C.V. | Current Project | Publications

Research Interests

Urban anthropology, ethnography of space and place, technology and planning, state (and) power, history and memory, global heritage governance, international institutions, sound and music
Research Area(s)
China, Shandong, Zhejiang, Qingdao, Hangzhou, Peking
Departmental Activities
Working Groups: Constructing Urban Futures in Asia


I am a Senior Researcher with the “Constructing Urban Futures in Asia” project and affiliated to the Department ‘Anthropology of Politics and Governance’. I am also an associate researcher in the Department of Sociology at Zhejiang University.
My current research investigates China’s “smart” urban future by examining how planners and other related professionals articulate, conceptualize, and ultimately integrate “smart technologies” into their design initiatives.

My prior research has delved into the intricacies and changing socio-political dynamics of urban renewal in contemporary China. In my upcoming monograph titled Seeking a Future for the Past: Space, power, and heritage in a Chinese City, I examine the slow, fragmented and often contentious transformation of Dabaodao – a district in the former colonial centre of Qingdao – from a place of common homes inhabited by the urban poor into a showcase of architectural heritage, catering to tourists and cultural consumption. My analysis weaves together the diverse experiences and perspectives of various groups involved in shaping and being shaped by the urban renewal process. Hereby, the study tells a bigger story about social marginalization, heritagization, local state power, and the political economy of urbanization in contemporary China.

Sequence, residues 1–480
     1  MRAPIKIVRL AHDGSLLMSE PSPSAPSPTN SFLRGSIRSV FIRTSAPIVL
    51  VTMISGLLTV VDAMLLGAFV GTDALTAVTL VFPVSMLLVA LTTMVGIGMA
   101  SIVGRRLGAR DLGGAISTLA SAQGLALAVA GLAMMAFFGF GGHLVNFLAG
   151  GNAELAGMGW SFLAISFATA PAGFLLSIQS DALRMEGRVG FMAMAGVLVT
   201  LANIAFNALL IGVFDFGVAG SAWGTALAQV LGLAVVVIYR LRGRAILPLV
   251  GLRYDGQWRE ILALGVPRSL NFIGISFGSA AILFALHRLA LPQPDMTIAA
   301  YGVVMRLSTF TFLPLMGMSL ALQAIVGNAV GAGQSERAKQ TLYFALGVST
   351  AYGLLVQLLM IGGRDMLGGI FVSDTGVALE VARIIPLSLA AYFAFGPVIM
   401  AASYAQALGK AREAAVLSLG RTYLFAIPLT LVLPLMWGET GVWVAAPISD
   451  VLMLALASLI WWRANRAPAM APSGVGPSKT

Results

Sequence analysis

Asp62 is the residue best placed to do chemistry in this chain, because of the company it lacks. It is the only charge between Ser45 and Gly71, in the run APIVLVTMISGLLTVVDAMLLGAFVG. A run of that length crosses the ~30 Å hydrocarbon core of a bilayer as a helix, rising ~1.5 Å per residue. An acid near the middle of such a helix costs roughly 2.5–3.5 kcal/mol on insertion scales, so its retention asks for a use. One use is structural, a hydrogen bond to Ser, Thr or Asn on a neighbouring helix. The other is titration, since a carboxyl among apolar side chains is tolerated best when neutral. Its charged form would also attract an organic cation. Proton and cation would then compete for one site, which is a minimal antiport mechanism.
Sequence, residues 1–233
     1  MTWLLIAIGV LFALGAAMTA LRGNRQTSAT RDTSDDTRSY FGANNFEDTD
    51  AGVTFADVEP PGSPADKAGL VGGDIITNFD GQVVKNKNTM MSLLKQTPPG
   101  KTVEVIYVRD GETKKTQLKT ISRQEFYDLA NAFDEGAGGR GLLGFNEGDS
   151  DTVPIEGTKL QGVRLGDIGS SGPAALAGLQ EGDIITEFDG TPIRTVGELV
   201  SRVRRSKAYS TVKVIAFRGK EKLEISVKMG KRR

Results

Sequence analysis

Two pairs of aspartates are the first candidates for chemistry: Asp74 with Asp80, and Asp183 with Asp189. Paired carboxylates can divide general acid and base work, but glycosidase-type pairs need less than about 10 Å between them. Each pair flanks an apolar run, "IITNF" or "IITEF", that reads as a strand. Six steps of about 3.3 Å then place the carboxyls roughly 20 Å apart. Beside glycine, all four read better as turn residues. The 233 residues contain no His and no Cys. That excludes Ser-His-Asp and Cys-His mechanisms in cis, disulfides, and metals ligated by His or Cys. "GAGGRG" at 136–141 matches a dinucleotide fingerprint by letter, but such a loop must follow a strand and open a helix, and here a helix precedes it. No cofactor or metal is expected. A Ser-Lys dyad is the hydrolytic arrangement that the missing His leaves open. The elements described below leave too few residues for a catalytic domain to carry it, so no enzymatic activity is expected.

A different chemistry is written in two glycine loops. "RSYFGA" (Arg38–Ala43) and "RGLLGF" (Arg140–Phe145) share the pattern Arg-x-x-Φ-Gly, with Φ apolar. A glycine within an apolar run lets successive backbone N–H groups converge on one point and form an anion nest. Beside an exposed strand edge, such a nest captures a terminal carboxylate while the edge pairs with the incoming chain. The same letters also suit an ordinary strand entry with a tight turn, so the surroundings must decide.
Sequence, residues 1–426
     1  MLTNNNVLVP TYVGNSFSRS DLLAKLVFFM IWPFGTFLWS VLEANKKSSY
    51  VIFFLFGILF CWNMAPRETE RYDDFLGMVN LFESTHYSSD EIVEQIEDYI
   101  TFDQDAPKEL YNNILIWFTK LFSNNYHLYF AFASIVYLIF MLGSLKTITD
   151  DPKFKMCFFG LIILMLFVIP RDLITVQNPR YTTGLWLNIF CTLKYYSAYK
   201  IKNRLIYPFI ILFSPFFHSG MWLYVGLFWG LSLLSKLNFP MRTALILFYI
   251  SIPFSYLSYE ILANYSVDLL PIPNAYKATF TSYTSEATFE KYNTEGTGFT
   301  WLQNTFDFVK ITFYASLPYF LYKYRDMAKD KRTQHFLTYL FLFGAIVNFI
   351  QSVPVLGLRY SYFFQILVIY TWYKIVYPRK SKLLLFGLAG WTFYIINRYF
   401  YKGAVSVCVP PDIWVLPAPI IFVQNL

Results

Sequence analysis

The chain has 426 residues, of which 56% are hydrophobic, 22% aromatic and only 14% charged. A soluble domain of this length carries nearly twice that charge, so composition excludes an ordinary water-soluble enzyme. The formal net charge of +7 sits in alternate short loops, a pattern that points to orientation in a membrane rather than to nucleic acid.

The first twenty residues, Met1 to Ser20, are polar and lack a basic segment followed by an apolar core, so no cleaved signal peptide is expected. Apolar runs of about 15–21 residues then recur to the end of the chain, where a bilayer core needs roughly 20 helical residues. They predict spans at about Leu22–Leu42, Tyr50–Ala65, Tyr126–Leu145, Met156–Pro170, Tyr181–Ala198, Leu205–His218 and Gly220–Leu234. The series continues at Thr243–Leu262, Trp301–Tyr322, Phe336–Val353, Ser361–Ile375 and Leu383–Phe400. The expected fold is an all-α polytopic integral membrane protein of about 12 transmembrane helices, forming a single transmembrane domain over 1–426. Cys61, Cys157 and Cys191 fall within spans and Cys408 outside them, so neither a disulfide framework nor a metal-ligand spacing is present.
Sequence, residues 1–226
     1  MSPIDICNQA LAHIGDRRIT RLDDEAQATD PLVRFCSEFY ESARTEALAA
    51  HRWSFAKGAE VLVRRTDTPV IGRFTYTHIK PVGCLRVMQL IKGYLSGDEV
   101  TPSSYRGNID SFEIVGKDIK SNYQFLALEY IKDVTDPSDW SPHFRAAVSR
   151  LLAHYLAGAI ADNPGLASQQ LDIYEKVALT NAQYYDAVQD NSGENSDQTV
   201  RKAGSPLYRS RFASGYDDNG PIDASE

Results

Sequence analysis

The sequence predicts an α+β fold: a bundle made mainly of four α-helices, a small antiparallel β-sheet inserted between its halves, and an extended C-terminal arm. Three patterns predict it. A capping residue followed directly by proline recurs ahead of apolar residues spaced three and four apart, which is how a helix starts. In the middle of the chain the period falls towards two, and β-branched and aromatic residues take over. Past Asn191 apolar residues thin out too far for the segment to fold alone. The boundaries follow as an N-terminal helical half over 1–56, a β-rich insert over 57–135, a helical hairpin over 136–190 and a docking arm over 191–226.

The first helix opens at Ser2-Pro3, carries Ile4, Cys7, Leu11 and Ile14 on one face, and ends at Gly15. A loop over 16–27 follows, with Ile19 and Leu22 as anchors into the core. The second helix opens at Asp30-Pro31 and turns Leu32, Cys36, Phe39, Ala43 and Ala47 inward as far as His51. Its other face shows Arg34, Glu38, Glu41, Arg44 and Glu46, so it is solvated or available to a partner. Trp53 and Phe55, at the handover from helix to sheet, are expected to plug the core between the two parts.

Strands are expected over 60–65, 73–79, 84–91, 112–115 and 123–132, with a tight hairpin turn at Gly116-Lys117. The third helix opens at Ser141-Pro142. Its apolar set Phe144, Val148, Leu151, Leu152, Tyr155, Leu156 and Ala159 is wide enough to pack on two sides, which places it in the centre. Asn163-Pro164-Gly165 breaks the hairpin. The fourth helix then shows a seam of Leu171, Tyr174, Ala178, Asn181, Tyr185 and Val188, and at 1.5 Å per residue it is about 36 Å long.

I have been further engaged in a collaborative ethnographic project titled “UNESCO Friction: Heritage-making across Global Governance”, which traces the social life of the UNESCO Convention for the Safeguarding of the Intangible Cultural Heritage, from diplomatic discussions in UNESCO boardrooms to the implementation of local heritage projects. Focusing on three case-study countries (Greece, Brazil and China), the study investigates the entire policy chain, from the international arena where standards are negotiated, to the national heritage institutions where they are domesticated, to the local heritage programs where they are implemented.

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